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Am J Rhinol Allergy. 2013 Jan;27(1):34-8. doi: 10.2500/ajra.2013.27.3831.

Antibody deficiency in chronic rhinosinusitis: epidemiology and burden of illness.

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1
Division of Allergy-Immunology, Northwestern University Feinberg School of Medicine, Chicago, IL 60611, USA.

Abstract

BACKGROUND:

A subset of patients with chronic rhinosinusitis (CRS) has refractory disease. The risk factors for refractory CRS include atopy, a disrupted mucociliary transport system, medical conditions affecting the sinonasal tract mucosa, and immunodeficiency.

METHODS:

We review four primary immunodeficiencies reported in individuals with CRS: common variable immune deficiency (CVID), selective IgA deficiency, IgG subclass deficiency, and specific antibody deficiency. We also review treatment options for individuals with both CRS and a concomitant immune defect.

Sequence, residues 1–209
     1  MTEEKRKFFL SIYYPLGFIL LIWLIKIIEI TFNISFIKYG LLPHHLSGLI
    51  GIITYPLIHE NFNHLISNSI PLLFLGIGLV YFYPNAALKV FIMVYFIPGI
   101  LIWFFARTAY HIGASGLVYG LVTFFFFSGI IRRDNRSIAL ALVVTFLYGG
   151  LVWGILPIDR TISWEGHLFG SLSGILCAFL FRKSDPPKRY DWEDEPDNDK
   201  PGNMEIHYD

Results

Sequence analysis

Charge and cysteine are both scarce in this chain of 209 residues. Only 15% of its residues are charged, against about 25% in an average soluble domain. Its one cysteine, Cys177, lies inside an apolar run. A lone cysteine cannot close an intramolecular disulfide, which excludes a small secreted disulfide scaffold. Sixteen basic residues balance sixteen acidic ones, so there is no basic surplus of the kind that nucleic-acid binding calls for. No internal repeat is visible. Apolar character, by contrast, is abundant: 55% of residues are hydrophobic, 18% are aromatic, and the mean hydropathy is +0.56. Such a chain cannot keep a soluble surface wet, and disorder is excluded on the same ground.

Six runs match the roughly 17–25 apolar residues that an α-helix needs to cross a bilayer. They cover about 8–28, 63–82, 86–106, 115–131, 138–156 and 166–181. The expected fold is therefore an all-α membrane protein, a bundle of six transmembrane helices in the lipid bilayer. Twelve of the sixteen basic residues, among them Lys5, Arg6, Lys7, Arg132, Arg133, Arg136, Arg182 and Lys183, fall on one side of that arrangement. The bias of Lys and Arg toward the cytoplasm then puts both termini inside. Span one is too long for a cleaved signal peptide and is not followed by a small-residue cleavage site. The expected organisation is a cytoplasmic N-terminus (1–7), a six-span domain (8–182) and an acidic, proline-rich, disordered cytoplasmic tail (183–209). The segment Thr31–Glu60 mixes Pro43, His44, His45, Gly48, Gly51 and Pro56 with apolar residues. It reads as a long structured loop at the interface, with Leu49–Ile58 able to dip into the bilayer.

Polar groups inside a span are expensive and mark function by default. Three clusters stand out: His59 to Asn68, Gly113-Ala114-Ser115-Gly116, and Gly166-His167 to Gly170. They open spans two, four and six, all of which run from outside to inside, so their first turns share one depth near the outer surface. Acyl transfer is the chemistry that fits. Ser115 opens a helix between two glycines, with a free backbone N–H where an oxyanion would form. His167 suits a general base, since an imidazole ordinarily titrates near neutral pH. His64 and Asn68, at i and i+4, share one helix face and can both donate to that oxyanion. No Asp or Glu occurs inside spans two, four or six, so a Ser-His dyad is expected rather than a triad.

RESULTS:

There is a high prevalence of CRS in individuals with CVID and selective IgA deficiency. While many reports describe IgG subclass deficiency in individuals with CRS, the clinical relevance of this is unclear. Specific antibody deficiency may play a more significant role in the pathogenesis of refractory CRS.

CONCLUSION:

Screening for a primary immunodeficiency should be part of the diagnostic workup of refractory CRS, as its identification may allow for more effective long-term therapeutic options.

PMID:
23406598
PMCID:
PMC3903100
DOI:
10.2500/ajra.2013.27.3831
[Indexed for MEDLINE]
Free PMC Article
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